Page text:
OK, here’s a sciencey based case study that CO2 is not a problem. Yes, it’s a repeat and will be until it gets a sciencey type rebuttal.
Prior to MLO the atmospheric CO2 concentrations, both paleo ice cores and inconsistent contemporary grab samples, were massive wags. Data at some of NOAA’s tall towers passed through 400 ppm years before MLO reached that level. IPCC AR5 TS.6 cites uncertainty in CO2 concentrations over land. Preliminary data from OCO-2 suggests that CO2 is not as well mixed as assumed. Per IPCC AR5 WG1 chapter 6 mankind’s share of the atmosphere’s CO2 is basically unknown, could be anywhere from 4% to 96%. (IPCC AR5 Ch 6, Figure 6.1, Table 6.1)
The major global C/CO2 reservoirs (not CO2 per se, C is a precursor proxy for CO2), i.e. oceans, atmosphere, vegetation & soil, contain over 45,000 Pg (Gt) of C/CO2. Over 90% of this C/CO2 reserve is in the oceans. Between these reservoirs ebb and flow hundreds of Pg C/CO2 per year, the great fluxes. For instance, vegetation absorbs C/CO2 for photosynthesis producing plants and O2. When the plants die and decay they release C/CO2. A divinely maintained balance of perfection for thousands of years, now unbalanced by mankind’s evil use of fossil fuels.
So just how much net C/CO2 does mankind’s evil fossil fuel consumption add to this perfectly balanced 45,000 Gt cauldron of churning, boiling, fluxing C/CO2? 3 Gt C/CO2. That’s correct, 3. Not 3,000, not 300, 3! How are we supposed to take this seriously? (Anyway 3 is totally assumed/fabricated to make the numbers work.)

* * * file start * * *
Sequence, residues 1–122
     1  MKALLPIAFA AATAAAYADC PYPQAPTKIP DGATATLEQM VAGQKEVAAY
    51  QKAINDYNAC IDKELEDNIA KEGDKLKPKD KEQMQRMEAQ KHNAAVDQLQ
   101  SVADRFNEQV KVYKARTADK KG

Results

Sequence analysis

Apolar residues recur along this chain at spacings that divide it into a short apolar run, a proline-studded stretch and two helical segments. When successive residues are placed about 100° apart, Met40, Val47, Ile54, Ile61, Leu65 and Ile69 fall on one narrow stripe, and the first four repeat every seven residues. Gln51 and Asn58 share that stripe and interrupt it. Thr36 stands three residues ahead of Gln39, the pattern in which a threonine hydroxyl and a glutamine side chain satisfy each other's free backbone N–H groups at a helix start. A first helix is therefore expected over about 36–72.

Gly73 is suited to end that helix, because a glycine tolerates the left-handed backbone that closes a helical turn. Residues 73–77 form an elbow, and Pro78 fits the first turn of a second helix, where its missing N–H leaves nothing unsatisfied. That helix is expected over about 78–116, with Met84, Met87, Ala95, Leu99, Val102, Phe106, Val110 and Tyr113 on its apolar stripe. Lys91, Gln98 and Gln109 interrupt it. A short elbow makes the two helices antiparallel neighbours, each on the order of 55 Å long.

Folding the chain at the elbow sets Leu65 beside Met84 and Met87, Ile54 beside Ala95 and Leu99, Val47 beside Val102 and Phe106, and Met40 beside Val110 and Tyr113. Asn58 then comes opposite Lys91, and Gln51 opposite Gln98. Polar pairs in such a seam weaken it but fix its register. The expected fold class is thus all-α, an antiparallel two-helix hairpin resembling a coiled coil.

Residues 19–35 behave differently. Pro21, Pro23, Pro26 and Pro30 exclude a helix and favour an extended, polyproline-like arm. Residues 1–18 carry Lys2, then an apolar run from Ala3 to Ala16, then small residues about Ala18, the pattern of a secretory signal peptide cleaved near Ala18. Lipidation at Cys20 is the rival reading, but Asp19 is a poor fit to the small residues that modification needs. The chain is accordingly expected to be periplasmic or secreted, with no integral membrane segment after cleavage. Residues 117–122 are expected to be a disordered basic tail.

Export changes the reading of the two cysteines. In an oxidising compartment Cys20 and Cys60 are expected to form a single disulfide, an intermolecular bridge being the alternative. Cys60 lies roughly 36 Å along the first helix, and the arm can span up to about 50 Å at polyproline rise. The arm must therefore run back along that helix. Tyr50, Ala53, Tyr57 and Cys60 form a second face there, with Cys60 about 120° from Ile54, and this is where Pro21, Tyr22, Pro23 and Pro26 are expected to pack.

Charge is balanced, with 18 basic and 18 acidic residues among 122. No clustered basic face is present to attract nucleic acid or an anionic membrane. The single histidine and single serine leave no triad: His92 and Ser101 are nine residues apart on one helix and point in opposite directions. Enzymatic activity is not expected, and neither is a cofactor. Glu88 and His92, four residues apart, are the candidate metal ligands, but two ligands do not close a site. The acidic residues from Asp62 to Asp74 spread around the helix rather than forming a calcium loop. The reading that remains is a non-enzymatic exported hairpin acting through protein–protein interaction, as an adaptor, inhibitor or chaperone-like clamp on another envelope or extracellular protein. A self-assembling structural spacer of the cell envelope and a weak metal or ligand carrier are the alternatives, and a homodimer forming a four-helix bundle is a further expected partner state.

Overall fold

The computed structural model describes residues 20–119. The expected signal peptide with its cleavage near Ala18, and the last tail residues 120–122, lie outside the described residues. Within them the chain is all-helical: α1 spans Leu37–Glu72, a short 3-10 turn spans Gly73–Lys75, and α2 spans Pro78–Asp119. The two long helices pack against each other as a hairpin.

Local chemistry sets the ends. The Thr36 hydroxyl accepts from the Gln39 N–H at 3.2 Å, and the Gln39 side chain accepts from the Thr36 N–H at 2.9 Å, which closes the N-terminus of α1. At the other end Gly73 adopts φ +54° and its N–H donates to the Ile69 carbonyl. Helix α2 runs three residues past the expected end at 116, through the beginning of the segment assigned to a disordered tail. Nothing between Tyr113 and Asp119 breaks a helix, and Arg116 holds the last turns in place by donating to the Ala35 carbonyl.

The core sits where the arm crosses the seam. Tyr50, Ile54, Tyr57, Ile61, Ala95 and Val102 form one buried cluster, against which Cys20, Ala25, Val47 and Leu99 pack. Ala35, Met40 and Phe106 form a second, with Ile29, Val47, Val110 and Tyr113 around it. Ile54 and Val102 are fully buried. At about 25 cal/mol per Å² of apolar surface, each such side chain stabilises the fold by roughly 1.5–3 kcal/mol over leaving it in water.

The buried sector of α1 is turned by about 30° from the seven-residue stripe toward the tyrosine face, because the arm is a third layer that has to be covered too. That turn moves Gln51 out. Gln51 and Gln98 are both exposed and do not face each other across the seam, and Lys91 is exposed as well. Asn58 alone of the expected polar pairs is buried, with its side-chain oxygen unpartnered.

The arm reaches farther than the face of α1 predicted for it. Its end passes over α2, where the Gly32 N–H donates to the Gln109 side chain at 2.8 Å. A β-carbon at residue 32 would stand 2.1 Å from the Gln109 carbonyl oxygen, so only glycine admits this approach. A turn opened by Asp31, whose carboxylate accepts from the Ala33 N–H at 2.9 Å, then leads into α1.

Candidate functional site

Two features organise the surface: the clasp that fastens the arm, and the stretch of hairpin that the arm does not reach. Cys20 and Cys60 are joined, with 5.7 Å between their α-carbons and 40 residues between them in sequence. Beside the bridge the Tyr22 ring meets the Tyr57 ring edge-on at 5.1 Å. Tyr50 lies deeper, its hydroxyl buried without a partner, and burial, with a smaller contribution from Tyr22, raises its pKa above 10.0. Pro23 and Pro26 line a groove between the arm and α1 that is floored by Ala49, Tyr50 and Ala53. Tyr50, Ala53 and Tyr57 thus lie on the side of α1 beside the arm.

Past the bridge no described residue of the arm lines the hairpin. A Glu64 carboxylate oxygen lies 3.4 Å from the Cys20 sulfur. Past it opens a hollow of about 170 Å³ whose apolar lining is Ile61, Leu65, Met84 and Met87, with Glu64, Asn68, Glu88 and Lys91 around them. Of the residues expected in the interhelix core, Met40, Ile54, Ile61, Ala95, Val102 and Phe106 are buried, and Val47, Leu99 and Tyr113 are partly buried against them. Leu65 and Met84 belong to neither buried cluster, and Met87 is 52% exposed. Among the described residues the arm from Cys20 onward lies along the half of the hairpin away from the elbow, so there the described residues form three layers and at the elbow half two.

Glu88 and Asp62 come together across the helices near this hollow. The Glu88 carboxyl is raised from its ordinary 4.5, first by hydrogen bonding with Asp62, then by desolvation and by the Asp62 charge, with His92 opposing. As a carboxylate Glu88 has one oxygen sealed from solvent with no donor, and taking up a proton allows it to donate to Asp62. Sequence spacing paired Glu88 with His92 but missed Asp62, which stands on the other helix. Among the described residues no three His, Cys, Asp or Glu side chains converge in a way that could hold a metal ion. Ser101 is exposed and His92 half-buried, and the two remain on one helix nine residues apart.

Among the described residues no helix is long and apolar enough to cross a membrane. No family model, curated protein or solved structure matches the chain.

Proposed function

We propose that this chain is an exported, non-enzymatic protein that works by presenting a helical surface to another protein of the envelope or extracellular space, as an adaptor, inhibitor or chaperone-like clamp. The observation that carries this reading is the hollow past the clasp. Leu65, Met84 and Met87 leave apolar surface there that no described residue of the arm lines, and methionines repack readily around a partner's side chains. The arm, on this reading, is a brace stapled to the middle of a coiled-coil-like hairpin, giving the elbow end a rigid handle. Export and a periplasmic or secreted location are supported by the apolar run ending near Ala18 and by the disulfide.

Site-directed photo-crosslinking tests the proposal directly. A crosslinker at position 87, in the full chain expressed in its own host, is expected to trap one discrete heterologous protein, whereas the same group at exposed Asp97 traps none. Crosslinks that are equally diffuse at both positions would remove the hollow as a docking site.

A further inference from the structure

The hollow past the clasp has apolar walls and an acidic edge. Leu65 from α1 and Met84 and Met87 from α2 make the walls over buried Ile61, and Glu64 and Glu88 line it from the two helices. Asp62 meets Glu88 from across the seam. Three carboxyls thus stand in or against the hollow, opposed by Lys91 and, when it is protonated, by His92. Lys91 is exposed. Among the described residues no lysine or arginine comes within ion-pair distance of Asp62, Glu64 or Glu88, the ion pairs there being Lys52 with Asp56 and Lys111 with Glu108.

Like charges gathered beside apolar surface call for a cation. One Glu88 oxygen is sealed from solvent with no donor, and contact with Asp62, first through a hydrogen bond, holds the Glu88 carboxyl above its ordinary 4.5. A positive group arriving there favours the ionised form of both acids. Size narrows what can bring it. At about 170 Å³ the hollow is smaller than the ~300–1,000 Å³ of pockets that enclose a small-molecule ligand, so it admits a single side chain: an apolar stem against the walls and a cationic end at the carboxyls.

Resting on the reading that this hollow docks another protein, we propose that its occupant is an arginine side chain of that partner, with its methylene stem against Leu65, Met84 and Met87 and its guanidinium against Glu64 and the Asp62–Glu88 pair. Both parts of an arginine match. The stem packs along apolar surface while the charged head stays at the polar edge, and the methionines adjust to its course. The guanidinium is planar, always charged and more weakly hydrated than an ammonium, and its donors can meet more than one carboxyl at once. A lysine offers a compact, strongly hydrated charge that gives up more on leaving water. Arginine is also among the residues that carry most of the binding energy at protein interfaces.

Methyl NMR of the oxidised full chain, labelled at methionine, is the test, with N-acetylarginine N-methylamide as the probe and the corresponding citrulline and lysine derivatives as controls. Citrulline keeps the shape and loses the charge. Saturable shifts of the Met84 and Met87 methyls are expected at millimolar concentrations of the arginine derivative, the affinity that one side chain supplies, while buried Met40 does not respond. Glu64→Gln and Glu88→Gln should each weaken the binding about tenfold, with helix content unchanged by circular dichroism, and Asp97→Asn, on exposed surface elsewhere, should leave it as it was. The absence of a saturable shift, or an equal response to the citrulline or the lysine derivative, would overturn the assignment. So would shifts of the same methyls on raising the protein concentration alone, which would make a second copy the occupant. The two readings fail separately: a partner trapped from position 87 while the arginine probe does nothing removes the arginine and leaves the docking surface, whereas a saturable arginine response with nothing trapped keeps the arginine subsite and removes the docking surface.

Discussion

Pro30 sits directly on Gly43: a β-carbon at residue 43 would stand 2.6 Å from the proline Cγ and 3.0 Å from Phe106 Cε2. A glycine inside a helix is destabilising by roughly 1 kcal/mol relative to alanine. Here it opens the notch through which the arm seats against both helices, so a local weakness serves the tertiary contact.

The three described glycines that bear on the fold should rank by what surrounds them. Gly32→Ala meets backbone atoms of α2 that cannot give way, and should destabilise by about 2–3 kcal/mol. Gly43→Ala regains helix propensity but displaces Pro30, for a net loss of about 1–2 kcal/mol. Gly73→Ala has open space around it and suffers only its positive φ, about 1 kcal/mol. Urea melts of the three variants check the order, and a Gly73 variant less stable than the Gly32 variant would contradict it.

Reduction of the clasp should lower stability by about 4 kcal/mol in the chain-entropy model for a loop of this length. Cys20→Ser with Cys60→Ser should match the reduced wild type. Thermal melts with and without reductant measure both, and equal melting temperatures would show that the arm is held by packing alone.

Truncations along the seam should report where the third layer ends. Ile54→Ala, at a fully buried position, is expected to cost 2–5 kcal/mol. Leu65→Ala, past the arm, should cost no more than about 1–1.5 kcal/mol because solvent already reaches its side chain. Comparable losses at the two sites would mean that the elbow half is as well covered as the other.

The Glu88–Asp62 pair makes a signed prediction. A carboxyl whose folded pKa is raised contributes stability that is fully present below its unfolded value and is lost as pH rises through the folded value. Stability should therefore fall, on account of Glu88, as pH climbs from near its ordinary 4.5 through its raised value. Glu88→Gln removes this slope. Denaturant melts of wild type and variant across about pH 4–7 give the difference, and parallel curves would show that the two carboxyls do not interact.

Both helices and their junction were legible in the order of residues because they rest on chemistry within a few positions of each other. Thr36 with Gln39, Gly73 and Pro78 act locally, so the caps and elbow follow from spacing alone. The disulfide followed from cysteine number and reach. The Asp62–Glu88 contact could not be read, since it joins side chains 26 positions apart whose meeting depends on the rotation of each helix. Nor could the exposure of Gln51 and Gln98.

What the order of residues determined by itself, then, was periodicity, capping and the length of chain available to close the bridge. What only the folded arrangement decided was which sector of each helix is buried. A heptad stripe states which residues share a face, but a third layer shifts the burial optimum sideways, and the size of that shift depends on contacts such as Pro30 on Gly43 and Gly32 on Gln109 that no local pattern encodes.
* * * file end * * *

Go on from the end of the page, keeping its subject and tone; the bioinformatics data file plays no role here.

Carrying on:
IPCC AR5 attributes 2 W/m^2 of unbalancing RF due to the increased CO2 concentration between 1750 and 2011 (Fig TS.7). In the overall global heat balance 2 W (watt is power, not energy) is lost in the magnitude and uncertainty of: ToA, 340 +/- 10, fluctuating albedo of clouds, snow and ice, and the absorption and release of heat from evaporation and condensation of the ocean and water vapor cycle. (IPCC AR5 Ch 8, FAQ 8.1)
IPCC AR5 acknowledges the LTT pause/hiatus/lull/stasis in Text Box 9.2 and laments the failure of the GCMs to model it. IPCC GCMs don’t work because IPCC exaggerates climate sensitivity (TS 6.2), of CO2/GHGs RF in the heat balance and dismiss the role of water vapor because man does not cause nor control it.
The sea ice and sheet ice is expanding not shrinking, polar bear population is the highest in decades, the weather (30 years = climate) is less extreme not more, the sea level rise is not accelerating, the GCM’s are repeat failures, the CAGW hypothesis is coming unraveled, COP21 has all the makings of yet another embarrassing fiasco, IPCC AR6 will mimic SNL’s Roseanne Roseannadanna (Gildna Radner aka Emily Litella), “Well, neeeveeer mind!!”

Reply to  Nicholas Schroeder
December 16, 2015 6:06 pm

‘Ward does an admirable job of gutting CAGW, but wandering off into the ozone was unnecessary and counterproductive.”
Nicholas, on what grounds did you become the High Holy Voice of Skepticism that gets to determine whose work is necessary and productive vs whose work is unnecessary and counterproductive? As far as I know, or care, Dr. Ward does work for his own satisfaction and shares what he learns/discovers/knows with the world if he so chooses to. YOUR opinion of his work does not even remotely appeal to me nor does your argument make it any less of an opinion or any more of a fact.

Robert of Texas
December 16, 2015 3:16 pm

Asking a religious person (i.e. a true believer) to seriously engage in criticism of their religion is a nonstarter. The only way to overcome a religious hierarchy is for the peasants (in this case the actual scholars) to storm the castle (which would be equivalent to a letter campaign followed by resignations from the organization).
My biggest concern anymore is how do these people rise to the position of being able to stifle science in the first place? How can you lead a scientific organization, or be an editor of a scientific journal, and not understand how science is supposed to work?